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Symbiotic single-celled dinoflagellates play critical roles in providing corals with both energy and tolerances to survive over a range of environmental conditions. Stressors can cause the breakdown of this symbiosis, resulting in mass bleaching events, and are projected to increase in frequency and spatial extent, threatening the long-term survival of coral reefs. Recent studies have identified symbiont shuffling in corals towards more thermo-tolerant clades as a functional tool for their surviving thermally-induced stress events. However, this was not observed within Pocillopora damicornis colonies tracked over a complete bleaching to recovery cycle during the 2014 mass coral bleaching event in Hawai‘i. Instead, previously acquired symbiont clades were maintained following bleaching recovery. This observation suggests additional factors may be involved in thermal-stress acclimation and adaptation in this coral.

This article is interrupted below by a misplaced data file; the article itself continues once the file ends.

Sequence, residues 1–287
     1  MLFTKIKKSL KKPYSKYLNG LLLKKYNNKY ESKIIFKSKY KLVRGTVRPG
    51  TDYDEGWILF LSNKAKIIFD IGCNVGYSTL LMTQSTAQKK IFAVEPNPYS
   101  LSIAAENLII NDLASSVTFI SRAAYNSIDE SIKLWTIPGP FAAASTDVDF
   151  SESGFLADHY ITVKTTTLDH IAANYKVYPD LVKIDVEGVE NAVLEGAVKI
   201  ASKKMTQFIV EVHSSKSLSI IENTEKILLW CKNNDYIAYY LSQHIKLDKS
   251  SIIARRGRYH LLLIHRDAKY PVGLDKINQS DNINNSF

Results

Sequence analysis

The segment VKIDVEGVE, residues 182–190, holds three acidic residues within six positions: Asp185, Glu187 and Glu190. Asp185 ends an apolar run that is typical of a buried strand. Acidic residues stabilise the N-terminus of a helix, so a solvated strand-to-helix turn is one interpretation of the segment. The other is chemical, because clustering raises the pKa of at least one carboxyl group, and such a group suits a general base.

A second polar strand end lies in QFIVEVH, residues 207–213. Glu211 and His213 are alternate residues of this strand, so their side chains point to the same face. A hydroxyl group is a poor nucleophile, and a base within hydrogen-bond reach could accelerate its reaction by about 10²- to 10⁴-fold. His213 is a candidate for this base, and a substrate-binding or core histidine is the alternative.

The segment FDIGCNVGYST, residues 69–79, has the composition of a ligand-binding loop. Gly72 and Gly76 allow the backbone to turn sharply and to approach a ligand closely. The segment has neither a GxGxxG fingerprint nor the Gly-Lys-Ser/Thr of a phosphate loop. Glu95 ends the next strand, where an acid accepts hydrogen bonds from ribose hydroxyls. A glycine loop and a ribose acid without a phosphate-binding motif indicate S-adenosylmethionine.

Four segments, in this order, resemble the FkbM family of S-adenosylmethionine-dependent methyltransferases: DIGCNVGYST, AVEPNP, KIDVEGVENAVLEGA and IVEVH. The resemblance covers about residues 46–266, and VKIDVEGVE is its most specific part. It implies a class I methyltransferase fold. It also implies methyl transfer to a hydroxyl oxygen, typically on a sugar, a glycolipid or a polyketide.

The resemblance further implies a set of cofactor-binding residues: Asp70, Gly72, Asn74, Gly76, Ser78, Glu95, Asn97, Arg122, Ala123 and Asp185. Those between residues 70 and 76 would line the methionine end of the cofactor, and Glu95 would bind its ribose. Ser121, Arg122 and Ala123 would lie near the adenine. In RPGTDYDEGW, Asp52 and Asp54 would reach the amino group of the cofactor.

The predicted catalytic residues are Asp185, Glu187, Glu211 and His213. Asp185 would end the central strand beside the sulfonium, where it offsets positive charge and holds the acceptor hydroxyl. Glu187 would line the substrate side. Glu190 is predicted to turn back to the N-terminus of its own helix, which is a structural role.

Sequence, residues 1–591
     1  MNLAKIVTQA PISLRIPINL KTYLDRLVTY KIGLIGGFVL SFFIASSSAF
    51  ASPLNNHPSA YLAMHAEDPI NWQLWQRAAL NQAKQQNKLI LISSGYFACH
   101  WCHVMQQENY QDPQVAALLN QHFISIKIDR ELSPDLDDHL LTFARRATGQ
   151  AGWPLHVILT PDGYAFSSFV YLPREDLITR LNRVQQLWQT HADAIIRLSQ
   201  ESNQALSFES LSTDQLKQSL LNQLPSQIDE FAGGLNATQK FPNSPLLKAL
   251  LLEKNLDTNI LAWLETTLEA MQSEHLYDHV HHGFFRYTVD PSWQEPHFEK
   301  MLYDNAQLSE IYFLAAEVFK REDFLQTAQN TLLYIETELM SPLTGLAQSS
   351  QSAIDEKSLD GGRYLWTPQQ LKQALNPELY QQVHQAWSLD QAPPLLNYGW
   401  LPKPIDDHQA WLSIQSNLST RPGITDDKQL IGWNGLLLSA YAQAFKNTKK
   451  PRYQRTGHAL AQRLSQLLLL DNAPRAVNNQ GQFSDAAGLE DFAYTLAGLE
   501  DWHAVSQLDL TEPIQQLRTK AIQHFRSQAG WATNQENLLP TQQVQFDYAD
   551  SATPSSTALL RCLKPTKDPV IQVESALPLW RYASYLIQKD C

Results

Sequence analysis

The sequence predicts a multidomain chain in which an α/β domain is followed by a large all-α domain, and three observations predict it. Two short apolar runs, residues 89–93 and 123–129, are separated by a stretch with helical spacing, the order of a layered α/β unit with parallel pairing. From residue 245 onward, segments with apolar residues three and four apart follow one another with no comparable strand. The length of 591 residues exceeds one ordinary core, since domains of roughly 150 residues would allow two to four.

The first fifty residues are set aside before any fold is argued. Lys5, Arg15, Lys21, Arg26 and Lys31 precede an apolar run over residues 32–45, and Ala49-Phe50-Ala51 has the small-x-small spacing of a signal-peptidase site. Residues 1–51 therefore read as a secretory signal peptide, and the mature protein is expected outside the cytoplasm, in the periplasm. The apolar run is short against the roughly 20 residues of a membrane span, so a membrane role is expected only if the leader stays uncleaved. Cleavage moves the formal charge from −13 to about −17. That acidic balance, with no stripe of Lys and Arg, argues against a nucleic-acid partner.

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Supplemental figure 1. Agarose gel electrophoresis of DNA isolated from Symbiodinium associated with sampled P. damicornis colonies
Upper gel lanes 3-6 represent pre-bleached samples colonies 1, 2, 5, 6, respectively; upper gel lanes 7-10 represent bleached samples colonies 1, 2, 5, 6, respectively; and lower gel lanes 3-6 represent post-bleached samples colonies 1, 2, 5, 6, respectively (primers ss3z, ss5z; GelGreen stain, 1 kB Plus DNA Ladder (Invitrogen)).